Professional Mixing Setup

Discussion in 'Pro Audio Gear' started by aaronwaudio, May 25, 2011.

  1. aaronwaudio

    aaronwaudio

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    I want to get some gear to set up my mixing setup. I went to UW Oshkosh for recording and percussion, which was amazing for helping me learn what to listen for and how to get what I want, but since it is a full University instead of a tech school, budget was limited and although I feel very prepared to learn more and work in the recording field, I have a sever lack of knowledge of what gear is out there. I am opening a studio with a couple of friends, but I want to have my own mixing setup at home where I can do my mixes. I need them to sound great, and I understand that that will mostly be based on my work and knowledge, but if I need a good mixing setup what are your suggestions? All I have right now is an Apple iMac with 4 Gb of RAM, and a 3.02 GHz Intel core 2 duo. My current plan is as follows.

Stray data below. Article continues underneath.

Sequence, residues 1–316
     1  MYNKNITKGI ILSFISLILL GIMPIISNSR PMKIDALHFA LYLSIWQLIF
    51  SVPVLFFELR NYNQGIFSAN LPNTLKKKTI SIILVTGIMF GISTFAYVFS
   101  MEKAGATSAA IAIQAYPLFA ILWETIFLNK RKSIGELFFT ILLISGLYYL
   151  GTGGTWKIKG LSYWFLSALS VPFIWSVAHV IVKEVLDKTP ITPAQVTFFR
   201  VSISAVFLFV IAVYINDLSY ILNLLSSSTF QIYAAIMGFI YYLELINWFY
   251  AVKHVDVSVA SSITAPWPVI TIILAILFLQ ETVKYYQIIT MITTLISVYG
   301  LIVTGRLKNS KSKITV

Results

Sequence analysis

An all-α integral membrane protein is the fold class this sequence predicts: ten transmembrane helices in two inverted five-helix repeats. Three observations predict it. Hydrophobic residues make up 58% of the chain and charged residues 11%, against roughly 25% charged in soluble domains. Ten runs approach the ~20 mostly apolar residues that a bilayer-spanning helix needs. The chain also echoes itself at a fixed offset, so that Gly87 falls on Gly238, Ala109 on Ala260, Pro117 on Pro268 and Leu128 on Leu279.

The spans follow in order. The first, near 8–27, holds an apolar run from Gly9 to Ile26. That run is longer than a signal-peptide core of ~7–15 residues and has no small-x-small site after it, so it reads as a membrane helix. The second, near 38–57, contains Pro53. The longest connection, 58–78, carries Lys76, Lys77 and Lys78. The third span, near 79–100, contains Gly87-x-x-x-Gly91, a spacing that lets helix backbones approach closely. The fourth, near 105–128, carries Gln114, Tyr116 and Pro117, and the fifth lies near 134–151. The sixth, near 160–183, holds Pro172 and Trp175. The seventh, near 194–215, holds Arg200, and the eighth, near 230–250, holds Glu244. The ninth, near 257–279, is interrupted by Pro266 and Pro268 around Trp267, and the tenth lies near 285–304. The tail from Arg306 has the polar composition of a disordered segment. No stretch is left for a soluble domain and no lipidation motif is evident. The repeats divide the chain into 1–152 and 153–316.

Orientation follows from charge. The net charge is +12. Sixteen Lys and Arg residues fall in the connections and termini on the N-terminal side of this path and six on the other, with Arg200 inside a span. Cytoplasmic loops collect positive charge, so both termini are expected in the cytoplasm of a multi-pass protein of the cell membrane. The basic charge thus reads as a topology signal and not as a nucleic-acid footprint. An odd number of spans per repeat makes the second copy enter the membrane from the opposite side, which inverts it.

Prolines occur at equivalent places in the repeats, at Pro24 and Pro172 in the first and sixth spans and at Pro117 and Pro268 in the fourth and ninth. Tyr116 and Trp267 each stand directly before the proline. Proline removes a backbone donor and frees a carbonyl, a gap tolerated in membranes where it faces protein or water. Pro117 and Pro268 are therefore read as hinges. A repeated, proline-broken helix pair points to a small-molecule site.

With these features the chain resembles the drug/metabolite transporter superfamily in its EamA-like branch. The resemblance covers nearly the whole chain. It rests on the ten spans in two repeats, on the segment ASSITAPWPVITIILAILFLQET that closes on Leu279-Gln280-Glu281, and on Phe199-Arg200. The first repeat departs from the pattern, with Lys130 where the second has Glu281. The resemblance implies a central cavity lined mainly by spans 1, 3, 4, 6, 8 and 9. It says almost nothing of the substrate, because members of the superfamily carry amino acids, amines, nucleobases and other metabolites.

Pro Tools 9
    Focusrite Saffire Pro 40 interface (I want plenty of inputs for future tracking use)
    KRK VXT6 monitors (tested many and these are my favorite reasonably priced monitors)
    Izotope Alloy and Ozone
    Waves Gold Native

    That would be my starting point. I work at Guitar Center, so I get an awesome discount on most things, and I am more concerned with quality than price, since I can mix at our studio until I get this up and running, so there is no hurry. What do you all think? Any Suggestions?

    Aaron Williams
    Aaron Williams Audio
    OuterEdge Studios
     
  2. aaronwaudio

    aaronwaudio

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    I was also wondering about the importance of AD/DA convertors for mixing. Are they really necessary?
     
  3. kmetal

    kmetal

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    Hey arron. It's cool that you made a studio with your friends and can work without waking up people. My first question for you is why do you want to mix at home, verses a purpose built studio. Mixing requires, a very accurate room, and speakers, besides knowledge and gear. Sure you can treat an average room to improve it, but why after the intense labor and attention to detail it takes to make a studio, would you want to mix in a residential room?
    I can understand editing/arranging at home which can easily be done at home on a laptop w/ headphones if thats whacha got.
    Okay room, check.